From A Topographical Dictionary of Ireland, 1837
RATHMORE, a parish, in the barony of LUNE, county of MEATH, and province of LEINSTER, 1 ¾ mile (N.) from Athboy, on the road from Mullingar to Athlone and Drogheda; containing 1070 inhabitants. This parish comprises 1977 ¾ statute acres, the land being generally very good. Rathmore was formerly the seat of the Bligh family, of whom John Bligh, Esq., M. P., in 1721, acquired the title of Baron Clifton of Rathmore, in 1723, that of Viscount Darnley of Athboy, and in 1725, that of Earl of Darnley; some remains exist of the ancient castle, which was formerly part of the estate of Cruise and Plunket. It is a rectory, in the diocese of Meath, forming part of the union of Athboy: the tithes, including those of Moyagher, amount to £184. 12. 3 ½. In the old church, of which there are considerable remains now forming a picturesque object, is a monumental tablet to the memory of Lieutenant-General Thomas Bligh, general of horse at the battles of Dettingen, Val, Fontenay, and Melle, and Commander-in-Chief of the British troops at Cherbourg: he died in 1775, and was interred here. There is also a monument erected to the memory of Sir Francis Hopkins, Bart.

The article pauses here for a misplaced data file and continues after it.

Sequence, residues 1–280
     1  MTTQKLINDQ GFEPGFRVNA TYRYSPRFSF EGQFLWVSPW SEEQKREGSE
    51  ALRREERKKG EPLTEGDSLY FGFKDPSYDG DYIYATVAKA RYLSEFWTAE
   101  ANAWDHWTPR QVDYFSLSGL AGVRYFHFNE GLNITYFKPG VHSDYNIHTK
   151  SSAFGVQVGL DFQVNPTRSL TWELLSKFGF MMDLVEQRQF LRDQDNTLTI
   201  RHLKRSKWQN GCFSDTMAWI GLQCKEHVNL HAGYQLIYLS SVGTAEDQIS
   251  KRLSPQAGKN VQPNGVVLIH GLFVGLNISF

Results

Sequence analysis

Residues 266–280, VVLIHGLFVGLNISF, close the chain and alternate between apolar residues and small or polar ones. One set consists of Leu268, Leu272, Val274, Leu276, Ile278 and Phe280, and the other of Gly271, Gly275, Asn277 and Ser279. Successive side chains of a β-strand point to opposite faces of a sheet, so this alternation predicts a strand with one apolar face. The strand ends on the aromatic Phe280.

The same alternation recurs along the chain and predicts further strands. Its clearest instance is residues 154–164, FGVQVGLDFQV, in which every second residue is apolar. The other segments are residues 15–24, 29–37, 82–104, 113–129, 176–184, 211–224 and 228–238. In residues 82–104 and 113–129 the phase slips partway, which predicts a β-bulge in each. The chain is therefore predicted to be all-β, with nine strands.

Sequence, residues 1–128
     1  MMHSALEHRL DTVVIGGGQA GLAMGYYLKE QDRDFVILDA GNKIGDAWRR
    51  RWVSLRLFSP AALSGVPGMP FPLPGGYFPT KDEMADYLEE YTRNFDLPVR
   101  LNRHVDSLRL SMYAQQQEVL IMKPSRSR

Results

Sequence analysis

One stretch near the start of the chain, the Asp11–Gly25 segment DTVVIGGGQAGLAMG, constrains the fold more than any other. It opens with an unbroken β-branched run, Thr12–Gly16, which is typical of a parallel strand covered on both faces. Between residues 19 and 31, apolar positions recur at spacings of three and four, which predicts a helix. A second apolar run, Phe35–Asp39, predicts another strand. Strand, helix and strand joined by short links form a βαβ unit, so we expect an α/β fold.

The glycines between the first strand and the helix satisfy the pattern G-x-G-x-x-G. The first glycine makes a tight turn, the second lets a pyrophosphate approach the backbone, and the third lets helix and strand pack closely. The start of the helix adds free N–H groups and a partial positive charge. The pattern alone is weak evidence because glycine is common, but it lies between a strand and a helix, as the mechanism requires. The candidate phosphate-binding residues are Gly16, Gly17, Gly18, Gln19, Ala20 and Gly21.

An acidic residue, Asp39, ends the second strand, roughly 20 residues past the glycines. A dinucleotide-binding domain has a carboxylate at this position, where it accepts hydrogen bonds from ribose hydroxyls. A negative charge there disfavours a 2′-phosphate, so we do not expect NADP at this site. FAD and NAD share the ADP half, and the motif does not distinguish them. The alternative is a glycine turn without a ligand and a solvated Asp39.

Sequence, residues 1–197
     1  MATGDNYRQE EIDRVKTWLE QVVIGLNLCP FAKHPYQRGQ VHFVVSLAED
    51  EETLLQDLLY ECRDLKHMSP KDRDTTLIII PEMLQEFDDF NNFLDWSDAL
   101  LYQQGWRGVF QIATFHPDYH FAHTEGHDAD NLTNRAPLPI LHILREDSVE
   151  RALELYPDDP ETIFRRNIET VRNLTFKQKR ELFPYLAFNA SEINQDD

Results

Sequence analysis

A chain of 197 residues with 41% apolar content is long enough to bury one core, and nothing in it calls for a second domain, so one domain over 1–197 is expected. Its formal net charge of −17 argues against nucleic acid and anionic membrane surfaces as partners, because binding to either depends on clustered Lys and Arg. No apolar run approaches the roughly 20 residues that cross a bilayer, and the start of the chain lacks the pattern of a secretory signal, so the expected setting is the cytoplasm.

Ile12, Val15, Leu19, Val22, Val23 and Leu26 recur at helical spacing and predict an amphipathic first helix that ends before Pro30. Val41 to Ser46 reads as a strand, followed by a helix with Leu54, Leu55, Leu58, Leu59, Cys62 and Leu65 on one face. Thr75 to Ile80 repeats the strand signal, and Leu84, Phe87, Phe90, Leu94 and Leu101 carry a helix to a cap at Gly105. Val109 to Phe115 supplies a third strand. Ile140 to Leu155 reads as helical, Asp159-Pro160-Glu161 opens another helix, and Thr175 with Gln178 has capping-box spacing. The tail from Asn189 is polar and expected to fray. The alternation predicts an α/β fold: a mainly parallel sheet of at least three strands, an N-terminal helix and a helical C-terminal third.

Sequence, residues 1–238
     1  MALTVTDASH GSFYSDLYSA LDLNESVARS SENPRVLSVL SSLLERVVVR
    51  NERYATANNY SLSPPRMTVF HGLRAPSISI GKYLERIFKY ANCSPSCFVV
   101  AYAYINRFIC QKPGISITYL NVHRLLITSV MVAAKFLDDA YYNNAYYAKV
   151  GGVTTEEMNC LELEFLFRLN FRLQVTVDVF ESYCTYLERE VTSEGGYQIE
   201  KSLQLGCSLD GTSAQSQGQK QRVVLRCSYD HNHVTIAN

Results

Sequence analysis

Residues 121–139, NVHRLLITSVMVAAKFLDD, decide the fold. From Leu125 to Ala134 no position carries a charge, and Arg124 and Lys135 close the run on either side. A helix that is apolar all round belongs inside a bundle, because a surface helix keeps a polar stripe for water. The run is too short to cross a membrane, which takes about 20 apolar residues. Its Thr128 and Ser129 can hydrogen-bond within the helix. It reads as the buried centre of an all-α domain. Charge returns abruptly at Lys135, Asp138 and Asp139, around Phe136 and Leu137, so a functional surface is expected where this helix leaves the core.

In Popular Rhymes and Sayings of Ireland (first published in 1924) John J. Marshall examines the origin of a variety of rhymes and sayings that were at one time in vogue around different parts of the country, including those which he recalled from his own childhood in County Tyrone. Numerous riddles, games and charms are recounted, as well as the traditions of the ‘Wren Boys’ and Christmas Rhymers. Other chapters describe the war cries of prominent Irish septs and the names by which Ireland has been personified in literature over the centuries.
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